The Future of the Ebook

There’s Soon to Be a Public Library in Texas With No Books

The future!
Cool spaceship, dawg. (Photo: Bexar County Commissioners Court, via ABC News)

Cool spaceship, dawg. (Photo: Bexar County Commissioners Court, via ABC News)

Well, futurists, are you happy now? ABC News reports that there will soon be an American public library that, in fact, has no physical books. Replacing them: a combination of ebooks, ereaders and computer terminals.

Christ, nobody tell everyone already freaking out about the renovation of the New York Public Library.  

This fall, Bexar County (home to San Antonio) plans to open the BiblioTech, a new public library focused on providing access to the Internet and to digital titles. It’ll launch with 100 e-readers available for circulation. We can’t even fathom what the late fees look like for a Kindle.

The project is the brainchild of one Judge Nelson Wolff. It’s not that he’s out to overthrow the tyranny of dead-tree media, exactly; he just read the Steve Jobs biography and had a road to Damascus moment:

“We all know the world is changing. I am an avid book reader. I read hardcover books, I have a collection of 1,000 first editions. Books are important to me,” Wolff told ABC News. “But the world is changing and this is the best, most effective way to bring services to our community.”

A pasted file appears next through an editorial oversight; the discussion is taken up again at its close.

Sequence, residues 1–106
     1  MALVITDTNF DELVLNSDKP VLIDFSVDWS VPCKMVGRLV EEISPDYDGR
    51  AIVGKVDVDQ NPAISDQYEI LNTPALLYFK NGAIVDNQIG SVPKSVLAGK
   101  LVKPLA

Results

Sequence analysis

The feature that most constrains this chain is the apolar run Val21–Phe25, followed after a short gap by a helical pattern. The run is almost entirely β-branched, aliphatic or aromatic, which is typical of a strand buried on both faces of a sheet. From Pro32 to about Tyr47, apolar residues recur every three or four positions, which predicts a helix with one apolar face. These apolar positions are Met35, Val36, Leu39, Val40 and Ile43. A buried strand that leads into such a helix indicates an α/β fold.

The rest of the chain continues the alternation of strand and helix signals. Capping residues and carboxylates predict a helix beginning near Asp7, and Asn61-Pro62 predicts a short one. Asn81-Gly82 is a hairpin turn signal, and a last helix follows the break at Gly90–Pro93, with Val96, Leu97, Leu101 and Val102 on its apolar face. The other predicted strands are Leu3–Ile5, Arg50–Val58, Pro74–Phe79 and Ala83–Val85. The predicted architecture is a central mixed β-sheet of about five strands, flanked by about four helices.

We are duly impressed by your extensive library of first editions, sir.

However, there’s a big problem with this project–besides the fact that $100 goes a lot farther for books than gadgets. Ebooks have long been a bit of a headache for libraries. That’s because only Random House and HarperCollins offer ebooks for widespread sale to libraries, and even then the licensing and restrictions on use are a headache. 

Back in September, the head of the American Library Association released an open letter to the publishing business, translating all these wheeling and dealings into the patron’s experience:  

If our libraries’ digital bookshelves mirrored the New York Times fiction bestseller list, we would be missing half of our collection any given week due to these publishers’ policies…. Today’s teens also will not find the digital copy of Judy Blume’s seminal Forever,nor today’s blockbuster Hunger Games series.

Frankly, the thought of a future where teens are denied access to Judy Blume is appalling.

Follow Kelly Faircloth on Twitter or via RSS. kfaircloth@observer.com